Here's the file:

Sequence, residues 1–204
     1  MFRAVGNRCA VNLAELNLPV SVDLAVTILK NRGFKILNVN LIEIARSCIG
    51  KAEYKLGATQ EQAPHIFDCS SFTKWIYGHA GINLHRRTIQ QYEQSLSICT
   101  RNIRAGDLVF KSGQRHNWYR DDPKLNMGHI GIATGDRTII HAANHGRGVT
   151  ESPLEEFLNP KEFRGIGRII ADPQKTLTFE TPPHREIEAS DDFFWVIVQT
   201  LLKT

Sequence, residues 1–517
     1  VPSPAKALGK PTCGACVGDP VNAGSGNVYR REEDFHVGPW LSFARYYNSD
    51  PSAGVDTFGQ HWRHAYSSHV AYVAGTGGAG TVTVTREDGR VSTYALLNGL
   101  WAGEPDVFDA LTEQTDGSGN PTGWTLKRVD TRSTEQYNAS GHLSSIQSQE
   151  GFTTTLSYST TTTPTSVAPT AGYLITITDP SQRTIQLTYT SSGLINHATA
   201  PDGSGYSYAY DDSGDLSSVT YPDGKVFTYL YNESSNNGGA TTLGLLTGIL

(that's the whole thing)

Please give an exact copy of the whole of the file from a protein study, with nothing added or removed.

Sequence, residues 1–204
     1  MFRAVGNRCA VNLAELNLPV SVDLAVTILK NRGFKILNVN LIEIARSCIG
    51  KAEYKLGATQ EQAPHIFDCS SFTKWIYGHA GINLHRRTIQ QYEQSLSICT
   101  RNIRAGDLVF KSGQRHNWYR DDPKLNMGHI GIATGDRTII HAANHGRGVT
   151  ESPLEEFLNP KEFRGIGRII ADPQKTLTFE TPPHREIEAS DDFFWVIVQT
   201  LLKT

Sequence, residues 1–517
     1  VPSPAKALGK PTCGACVGDP VNAGSGNVYR REEDFHVGPW LSFARYYNSD
    51  PSAGVDTFGQ HWRHAYSSHV AYVAGTGGAG TVTVTREDGR VSTYALLNGL
   101  WAGEPDVFDA LTEQTDGSGN PTGWTLKRVD TRSTEQYNAS GHLSSIQSQE
   151  GFTTTLSYST TTTPTSVAPT AGYLITITDP SQRTIQLTYT SSGLINHATA
   201  PDGSGYSYAY DDSGDLSSVT YPDGKVFTYL YNESSNNGGA TTLGLLTGIL